“I discovered that my coffee would not be possible without hundreds of people I take for granted.”
This was the realization AJ Jacobs had as he went on a quest to acknowledge and thank everyone who was responsible for allowing him to enjoy his morning cup of coffee. And if you thought this ended at the baristas from his local coffee shop, you would be sorely mistaken.
He traveled the world to witness the origin of the beans and the farmers who cultivated them. He had dozens of awkward conversations with people throughout the supply chain who did not expect his gratitude — from the truck driver who delivered the coffee to the person who designed the plastic coffee lid to the women who managed the pest control that kept the coffee safe at its storage facility. Seriously.
Along the way, he became in awe of the hundreds of little masterpieces created (and recreated) to deliver a cup of water with “bean dust” as he likes to say.
His journey struck me so personally, as this is the work we do every day to infuse wonder and humanity back into the clothing we wear. It’s a perfect case study in the art of appreciation, and he recently dove deeper into the topic on a podcast called the TED Radio Hour: The Gratitude Chain.
I’ll highlight a few of the main lessons below:
1) Notice the details.
Our brain is really good at normalizing things. Through a process called “habituation” we take repetitive actions and (over time) provide less and less attention to them. This is generally a good thing to help our senses not be overstimulated at all hours of the day, but it can also cause us to overlook and appreciate the way some of our everyday items come to life (ahem… coffee and — of course — our clothing).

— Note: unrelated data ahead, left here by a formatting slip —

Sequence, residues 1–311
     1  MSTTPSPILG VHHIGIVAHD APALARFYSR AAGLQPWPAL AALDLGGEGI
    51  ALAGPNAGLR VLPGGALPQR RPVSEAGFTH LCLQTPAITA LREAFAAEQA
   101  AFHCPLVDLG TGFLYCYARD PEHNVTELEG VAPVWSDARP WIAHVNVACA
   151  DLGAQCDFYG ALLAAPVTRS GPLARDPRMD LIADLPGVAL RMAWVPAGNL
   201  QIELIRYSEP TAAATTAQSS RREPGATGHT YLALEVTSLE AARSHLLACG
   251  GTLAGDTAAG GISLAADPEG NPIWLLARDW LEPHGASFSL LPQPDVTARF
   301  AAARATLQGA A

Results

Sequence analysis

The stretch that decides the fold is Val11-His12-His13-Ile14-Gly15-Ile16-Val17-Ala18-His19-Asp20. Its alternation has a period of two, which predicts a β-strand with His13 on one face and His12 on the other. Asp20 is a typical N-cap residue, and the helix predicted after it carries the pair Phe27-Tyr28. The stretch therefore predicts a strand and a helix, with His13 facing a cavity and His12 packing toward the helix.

2) Listen to people’s stories.
“You’re dealing with human beings. This Coffee didn’t just appear.” The story of our coffee is not a single story. It’s hundreds of stories that involve people’s livelihoods, the future of their families, and the impacts on our environment. Witnessing the humanity in each step of the supply chain gave AJ a greater appreciation for the coffee he drank. Dignity. Flatten
3) Be grateful.
Gratitude is not a feeling bestowed upon us, but a discipline to work at — a muscle to flex and train. As we break the process of habituation and begin to celebrate the wonderful details of the things we enjoy everyday, we must work to practice gratitude. Or as AJ says, “The darkside of gratitude leads to complacency. Gratitude makes you want to pay it forward — sparks you to action.”
4) Acknowledge the greater purpose in our actions.
Simply put, our actions impact others beyond ourselves. The simple choices we make to say “thank you” and the coffee we purchase sets off a chain of actions and reactions. There is great wonder to be found when we are swept up in the beauty of this reality.
“It reminded me of the astounding interconnectedness of our world.”